It's been a rather interesting 12 months for Rory McIlroy. A year ago, he headed into the Masters as the No. 2 player in the world and easily the top young star in the game. Following a year filled with on-course struggles and off-course headlines, McIlroy heads into Augusta this week as the No. 9 player in the world. His game, however, may be as sharp as ever and everything appears to be in place for McIlroy to contend for his first green jacket.
He doesn't need a strong Masters to proclaim he's back because he never really left, even with a down year. But winning the Masters would certainly put an end to a lot of the questions of the past year. And to do it, all he'll need to do is win on American soil for the first time in more than a year and a half and do it at the place of one of his biggest failures.
McIlroy appeared on his way to a green jacket in 2011, opening the Masters with a 65 and holding the first, second and third-round leads. In infamous fashion, it all came crashing down on Sunday and he shot an 80 to finish in a tie for 15th place. McIlroy admitted this week that the final round in 2011 was "probably the only time I've cried over golf."
Now, three years later, everything appears to be lining up for a major comeback for the former No. 1 player in the world. For much of the last year, McIlroy's simply hasn't been in top form. Whether it was from equipment changes, off-the-course distractions or whatever reasoning was thrown out, he plain and simple wasn't playing well enough to compete in a field of 49 of the top 50 players in the world like he'll face this week. He hasn't lit the world on fire by any means this season, but his game is back. He appeared to be better than ever at the Honda Classic, opening with rounds of 63 and 66. That form was back on display in his last competitive round before heading to Augusta, closing the Shell Houston Open with a 65 to match the low round of last week's tournament.
Being in good form is one thing -- dozens of players will head into the Masters playing well -- but few have the game to fit Augusta National this week as well as McIlroy. Historically, the course has been dominated by the longer hitters. That changes some when hot dry conditions allow for more roll, but with rain this week softening things up, the shorter hitters will be at a major disadvantage. Enter Rory McIlroy. He is notorious for hitting the ball as high -- if not higher --than any other player in golf. Those moon shots will come in handy this week and his distance should give him an advantage over much of the field.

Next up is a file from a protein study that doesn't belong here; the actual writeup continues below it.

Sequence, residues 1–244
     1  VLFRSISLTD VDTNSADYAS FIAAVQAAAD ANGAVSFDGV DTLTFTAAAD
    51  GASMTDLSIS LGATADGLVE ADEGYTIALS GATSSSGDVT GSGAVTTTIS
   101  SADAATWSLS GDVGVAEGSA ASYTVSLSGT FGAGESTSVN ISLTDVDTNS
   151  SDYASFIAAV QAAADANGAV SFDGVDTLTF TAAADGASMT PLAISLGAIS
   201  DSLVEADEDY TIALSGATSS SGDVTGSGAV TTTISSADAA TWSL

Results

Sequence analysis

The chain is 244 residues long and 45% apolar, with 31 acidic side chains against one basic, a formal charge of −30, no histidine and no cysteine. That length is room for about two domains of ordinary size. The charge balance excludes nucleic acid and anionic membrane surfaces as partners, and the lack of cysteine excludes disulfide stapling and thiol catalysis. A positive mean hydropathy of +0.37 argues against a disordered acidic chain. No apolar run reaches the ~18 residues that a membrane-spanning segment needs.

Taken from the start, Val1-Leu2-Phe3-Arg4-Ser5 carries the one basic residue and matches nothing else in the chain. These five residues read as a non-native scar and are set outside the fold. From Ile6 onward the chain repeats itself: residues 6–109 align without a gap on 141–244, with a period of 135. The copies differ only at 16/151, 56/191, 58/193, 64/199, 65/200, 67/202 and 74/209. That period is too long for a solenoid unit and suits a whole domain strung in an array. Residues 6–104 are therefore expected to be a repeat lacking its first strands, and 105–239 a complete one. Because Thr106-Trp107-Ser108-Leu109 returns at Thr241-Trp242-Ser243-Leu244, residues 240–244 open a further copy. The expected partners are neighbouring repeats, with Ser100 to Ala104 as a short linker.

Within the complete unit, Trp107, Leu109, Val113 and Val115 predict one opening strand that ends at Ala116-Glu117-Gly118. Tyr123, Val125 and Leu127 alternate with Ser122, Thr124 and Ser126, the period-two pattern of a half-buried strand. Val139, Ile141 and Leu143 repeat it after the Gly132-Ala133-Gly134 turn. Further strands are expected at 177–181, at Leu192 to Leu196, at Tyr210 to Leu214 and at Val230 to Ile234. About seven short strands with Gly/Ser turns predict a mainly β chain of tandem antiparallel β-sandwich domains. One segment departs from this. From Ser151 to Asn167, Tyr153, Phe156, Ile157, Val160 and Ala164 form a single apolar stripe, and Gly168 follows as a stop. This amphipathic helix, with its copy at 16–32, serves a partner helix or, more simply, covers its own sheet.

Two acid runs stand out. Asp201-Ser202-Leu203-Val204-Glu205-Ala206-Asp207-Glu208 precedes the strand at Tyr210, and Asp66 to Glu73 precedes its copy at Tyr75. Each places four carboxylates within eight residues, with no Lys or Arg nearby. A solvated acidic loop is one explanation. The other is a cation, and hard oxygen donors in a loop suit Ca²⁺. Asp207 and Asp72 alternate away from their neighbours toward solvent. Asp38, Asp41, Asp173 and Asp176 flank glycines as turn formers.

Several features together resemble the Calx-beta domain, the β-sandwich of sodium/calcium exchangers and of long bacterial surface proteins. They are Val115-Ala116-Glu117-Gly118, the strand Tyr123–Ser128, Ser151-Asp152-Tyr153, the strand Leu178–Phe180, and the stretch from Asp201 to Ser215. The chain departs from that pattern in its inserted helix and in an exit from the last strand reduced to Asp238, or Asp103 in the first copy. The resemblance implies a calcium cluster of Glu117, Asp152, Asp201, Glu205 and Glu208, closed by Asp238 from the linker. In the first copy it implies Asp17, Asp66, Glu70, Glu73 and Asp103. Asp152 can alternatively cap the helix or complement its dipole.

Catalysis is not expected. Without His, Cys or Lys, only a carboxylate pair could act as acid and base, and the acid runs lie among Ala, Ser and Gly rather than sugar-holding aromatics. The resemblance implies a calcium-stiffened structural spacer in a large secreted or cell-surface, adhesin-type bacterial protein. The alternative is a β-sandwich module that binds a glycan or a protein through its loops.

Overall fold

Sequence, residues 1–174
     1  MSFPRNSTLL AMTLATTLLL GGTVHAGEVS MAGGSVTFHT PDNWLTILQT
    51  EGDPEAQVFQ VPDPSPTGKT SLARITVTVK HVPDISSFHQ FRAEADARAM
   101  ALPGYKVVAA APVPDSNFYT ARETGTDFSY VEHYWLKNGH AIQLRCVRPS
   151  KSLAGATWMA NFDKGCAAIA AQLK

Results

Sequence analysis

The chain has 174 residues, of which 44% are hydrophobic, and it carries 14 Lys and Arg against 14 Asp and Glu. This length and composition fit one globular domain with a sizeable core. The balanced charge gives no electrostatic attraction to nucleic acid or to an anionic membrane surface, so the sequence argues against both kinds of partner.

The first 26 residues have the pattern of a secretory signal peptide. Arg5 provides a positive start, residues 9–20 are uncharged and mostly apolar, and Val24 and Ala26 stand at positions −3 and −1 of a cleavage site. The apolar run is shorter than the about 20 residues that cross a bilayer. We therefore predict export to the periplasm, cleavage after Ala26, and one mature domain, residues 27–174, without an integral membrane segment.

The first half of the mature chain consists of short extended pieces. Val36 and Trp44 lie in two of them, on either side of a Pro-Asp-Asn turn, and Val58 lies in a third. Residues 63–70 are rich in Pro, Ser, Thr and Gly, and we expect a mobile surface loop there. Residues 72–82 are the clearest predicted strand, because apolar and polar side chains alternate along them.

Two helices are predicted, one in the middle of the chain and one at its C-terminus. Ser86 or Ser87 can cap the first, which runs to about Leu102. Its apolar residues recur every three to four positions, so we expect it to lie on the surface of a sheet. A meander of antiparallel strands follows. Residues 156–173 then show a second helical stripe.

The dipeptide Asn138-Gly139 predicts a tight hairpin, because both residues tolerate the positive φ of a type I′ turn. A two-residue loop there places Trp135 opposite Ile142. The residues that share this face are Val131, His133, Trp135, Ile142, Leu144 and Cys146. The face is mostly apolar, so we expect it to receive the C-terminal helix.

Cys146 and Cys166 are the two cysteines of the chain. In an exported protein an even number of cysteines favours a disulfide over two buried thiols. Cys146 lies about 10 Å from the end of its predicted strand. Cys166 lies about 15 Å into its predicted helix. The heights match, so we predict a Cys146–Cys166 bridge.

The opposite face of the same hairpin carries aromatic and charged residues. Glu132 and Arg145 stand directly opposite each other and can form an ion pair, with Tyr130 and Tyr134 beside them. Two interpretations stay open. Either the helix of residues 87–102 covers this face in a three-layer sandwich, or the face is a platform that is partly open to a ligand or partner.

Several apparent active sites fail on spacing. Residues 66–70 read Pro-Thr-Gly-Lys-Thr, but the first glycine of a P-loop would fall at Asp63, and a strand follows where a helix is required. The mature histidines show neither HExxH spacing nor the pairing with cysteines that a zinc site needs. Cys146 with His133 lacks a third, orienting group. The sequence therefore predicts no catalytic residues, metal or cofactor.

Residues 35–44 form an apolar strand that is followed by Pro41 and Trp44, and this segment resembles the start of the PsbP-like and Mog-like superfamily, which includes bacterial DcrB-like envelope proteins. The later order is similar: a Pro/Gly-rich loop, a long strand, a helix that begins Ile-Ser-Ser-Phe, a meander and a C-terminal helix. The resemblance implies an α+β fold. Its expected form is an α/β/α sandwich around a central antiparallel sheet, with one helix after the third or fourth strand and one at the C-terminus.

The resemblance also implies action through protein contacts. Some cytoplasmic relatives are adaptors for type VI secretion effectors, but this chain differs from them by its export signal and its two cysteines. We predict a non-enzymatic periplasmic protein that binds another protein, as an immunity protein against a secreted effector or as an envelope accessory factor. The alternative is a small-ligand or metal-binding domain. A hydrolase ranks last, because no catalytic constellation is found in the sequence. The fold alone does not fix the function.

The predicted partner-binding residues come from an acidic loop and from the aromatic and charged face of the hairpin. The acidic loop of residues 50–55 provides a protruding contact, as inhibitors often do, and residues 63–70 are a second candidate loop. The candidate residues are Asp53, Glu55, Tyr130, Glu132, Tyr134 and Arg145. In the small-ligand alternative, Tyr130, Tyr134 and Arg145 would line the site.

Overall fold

McIlroy is playing his sixth Masters. In the previous five, he's proven to have all the skill needed to win. He has the distance (No. 2 in driving distance in 2011), can hit greens (t-3 in GIR in 2011) and can master the tricky Augusta greens (T-5 in 2009). He hasn't put it all together in a single tournament, but he's proven he's fully capable.
So what will be the key to McIlroy claiming a green jacket? It starts on the par-4s.
Rory McIlroy's infamous journey to the cabins in the woods off the 10th fairway in 2011, where his great unraveling started. (Photo by Andrew Redington/Getty Images)
During his Masters career, McIlroy has dominated the par-5s, playing them at 21-under. He's avoided major issues on the par-3s, playing them at 4-over. The real problems have been on the par-4s, where he is 25-over. He played them at even in 2011 and would have won the green jacket if not for the final-round implosion. A lot of those troubles came on par-4s, with him recording a triple bogey on No. 10 and following it up with a bogey on No. 11 to drop from 11-under to 7-under. He's struggled on the par-4s since, finishing 11-over in 2012 and 7-over in 2013, according to Golfstats.com. If he plays the par-4s anywhere close to even this week, the green jacket is likely his for the taking.
McIlroy can't reclaim the No. 1 spot in the world this week, but he's been on the right track to taking back that title. And with his Nike friend unable to go, Rory might just prove it this week with a win that would reinforce the theme that this is a transitional Masters.